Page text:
The spectral type of our Sun is G2V. About 99.86% of the solar system’s mass is attributed directly to it. The diameter of this yellow star is about 1.39 million kilometers (864,000 miles). It is more massive than our planet, Earth, by about 330,000 times. Its surface temperature is around 5,778 K.
The apparent magnitude of the Sun is −26.74. It is the brightest object that we can see in our sky, considering its distance. Light travels at about 8 minutes and 19 seconds from the Sun’s horizon to the horizon of our planet. This light is responsible for the existence of life here on Earth. It drives photosynthesis, as well as the changes in our weather.
There will be a time when the Sun can no longer continue the fusion of hydrogen. Its temperature will increase and so does its size. Eventually, it will become a red giant star.
When this happens, the Sun will consume almost everything around it. The planets that will be affected most are the closest ones to it, Mercury and Venus. The Earth will also be scorched. That is expected after five billion years though because the Sun is still halfway through its life in the main sequence.
Sirius is commonly known as the “Dog Star.” It is the brightest star in the constellation of Canis Major. Aside from that, it is also the brightest star that we can see in our night sky.
Sirius is a binary star. Its primary component, Sirius A, is a main-sequence star. The fainter companion is a white dwarf, designated Sirius B. Their orbital period is 50 years.
Sirius A is an Am star. Its apparent magnitude is −1.46, much brighter than its companion star. This A-type star has a mass of about two Suns. It has a surface temperature of 9,940K, radiating 25 times the luminosity of the Sun.
The Sirius star system is located close to the Sun, at a distance of about 8.6 light-years. That is also one of the reasons why it looks so bright from our perspective.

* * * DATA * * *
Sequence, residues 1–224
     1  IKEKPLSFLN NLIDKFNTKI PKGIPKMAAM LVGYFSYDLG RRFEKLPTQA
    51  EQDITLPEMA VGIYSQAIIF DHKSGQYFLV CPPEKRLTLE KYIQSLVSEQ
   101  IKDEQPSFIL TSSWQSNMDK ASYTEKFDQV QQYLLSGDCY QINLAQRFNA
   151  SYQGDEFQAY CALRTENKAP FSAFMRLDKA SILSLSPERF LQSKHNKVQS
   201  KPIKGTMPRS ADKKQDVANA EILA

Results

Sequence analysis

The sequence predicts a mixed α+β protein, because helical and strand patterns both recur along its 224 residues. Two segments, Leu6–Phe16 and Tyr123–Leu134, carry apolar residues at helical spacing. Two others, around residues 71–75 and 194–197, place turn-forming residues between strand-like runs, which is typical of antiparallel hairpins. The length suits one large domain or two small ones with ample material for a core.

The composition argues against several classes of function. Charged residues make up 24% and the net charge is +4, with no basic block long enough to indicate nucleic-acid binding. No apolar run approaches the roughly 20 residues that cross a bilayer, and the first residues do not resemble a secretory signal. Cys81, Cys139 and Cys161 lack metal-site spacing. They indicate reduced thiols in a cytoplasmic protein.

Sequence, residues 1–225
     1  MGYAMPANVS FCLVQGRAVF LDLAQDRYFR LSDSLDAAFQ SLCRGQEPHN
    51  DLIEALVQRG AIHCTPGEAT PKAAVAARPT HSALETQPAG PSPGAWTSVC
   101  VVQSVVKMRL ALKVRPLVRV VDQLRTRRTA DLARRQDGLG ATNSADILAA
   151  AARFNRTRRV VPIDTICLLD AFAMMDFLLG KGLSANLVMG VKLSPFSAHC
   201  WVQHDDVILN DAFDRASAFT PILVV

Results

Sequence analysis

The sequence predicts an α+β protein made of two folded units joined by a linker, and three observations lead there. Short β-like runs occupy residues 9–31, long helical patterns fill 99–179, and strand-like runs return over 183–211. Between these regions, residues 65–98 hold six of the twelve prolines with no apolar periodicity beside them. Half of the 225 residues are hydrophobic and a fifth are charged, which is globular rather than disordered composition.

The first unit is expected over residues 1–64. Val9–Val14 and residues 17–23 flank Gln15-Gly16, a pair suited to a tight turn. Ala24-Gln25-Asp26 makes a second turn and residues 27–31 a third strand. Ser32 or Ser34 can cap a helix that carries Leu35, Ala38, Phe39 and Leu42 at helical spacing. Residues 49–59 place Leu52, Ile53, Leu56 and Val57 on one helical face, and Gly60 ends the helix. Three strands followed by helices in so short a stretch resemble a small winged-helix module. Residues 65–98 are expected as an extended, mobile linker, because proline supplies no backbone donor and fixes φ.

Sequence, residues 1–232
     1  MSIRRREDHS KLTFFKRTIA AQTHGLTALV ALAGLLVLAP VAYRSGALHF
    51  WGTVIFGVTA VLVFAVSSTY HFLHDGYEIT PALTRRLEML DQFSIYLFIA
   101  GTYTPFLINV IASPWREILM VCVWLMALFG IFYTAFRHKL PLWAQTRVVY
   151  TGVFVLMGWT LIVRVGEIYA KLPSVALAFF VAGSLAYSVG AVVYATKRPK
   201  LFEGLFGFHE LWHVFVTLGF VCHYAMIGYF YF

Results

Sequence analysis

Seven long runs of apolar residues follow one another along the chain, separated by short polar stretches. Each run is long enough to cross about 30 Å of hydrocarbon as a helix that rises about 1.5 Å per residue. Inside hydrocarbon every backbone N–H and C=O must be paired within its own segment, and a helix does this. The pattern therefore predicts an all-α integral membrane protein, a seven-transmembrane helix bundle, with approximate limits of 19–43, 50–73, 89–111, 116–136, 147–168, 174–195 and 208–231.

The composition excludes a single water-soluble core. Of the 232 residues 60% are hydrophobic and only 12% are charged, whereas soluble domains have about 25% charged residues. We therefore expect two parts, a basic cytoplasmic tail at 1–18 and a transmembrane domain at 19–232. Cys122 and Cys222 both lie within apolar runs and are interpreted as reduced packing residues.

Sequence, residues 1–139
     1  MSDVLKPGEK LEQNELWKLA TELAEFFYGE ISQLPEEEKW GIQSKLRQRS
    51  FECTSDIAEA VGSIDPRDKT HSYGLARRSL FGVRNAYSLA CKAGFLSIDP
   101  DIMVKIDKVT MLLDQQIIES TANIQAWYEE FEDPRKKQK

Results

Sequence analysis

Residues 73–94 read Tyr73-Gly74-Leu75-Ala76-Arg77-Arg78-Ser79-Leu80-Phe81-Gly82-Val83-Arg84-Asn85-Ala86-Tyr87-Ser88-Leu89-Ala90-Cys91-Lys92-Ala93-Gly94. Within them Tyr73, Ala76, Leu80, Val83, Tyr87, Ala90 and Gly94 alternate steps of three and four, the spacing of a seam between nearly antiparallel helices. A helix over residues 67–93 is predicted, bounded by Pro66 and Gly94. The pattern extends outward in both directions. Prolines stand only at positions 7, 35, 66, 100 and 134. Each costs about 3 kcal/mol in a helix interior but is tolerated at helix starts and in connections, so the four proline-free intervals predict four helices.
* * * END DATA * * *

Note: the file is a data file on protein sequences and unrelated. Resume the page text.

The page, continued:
Achernar is in the “the river” of the constellation of Eridanus. This main-sequence star is the brighter component of the Alpha Eridani star system. The system has an apparent magnitude of 0.40 – 0.46. It ranks as the ninth brightest star in our night sky.
It is a very hot star which is evident in its blue color. Achernar is also a fast spinner, which results in its oblate shape.
This B-type star is nearly seven times as massive as the Sun. it is also much more luminous, radiating at approximately 3,150 solar luminosities. There is a difference in temperature between the areas of this star because of its shape. Its average temperature is 15,000 K.
Alpha Centauri is a triple star system. Its components are Rigil Kentaurus, Toliman, and the Proxima Centauri. They are all in the main sequence. It is the closest star and planetary system to us. It lies at a distance of only 4.37 light-years
The main component, Rigil Kentaurus, is a Sun-like star. Its stellar classification is G2V. it is very bright as an individual star, with an apparent magnitude of −0.01. It is more massive than the Sun by roughly 10%.
Toliman is an orange star with the stellar classification of K1V. Proxima Centauri is the third member of the system. This small star is a red dwarf. It is of M6 Ve spectral type.
Altair is a bright main-sequence star. It has an apparent magnitude of 0.77. Its spectral type is A7 V. It is 1.8 times as massive as the Sun and it is 11 times more luminous. Its high rotation rate affected its shape.
Main Sequence Stars: Additional Facts
The Orion Nebula is a famous natal cloud that gives birth to many main-sequence stars. This deep-sky object is in the Milky Way. It is visible to the naked eye because it has an apparent magnitude of +4.0.
Some call main sequence stars “dwarf stars.” This poses confusion because, by definition, a dwarf star is a star relatively small in size. It is not necessarily lesser in luminosity. Even though the majority of main sequence stars are dwarf stars, not all of them are in the main sequence.
Aside from its long life, there are still many other factors that challenge the ability of red dwarfs to support life. This includes the possibility of the planet being tidally locked. Stellar spots, radiation, and flares are other considerations.
- What is the main sequence?
- How do main-sequence stars generate their energy?
- What is the factor that determines the lifespan of a main-sequence star?
- What will happen when a star moves away from the main sequence?
- Name some examples of main-sequence stars?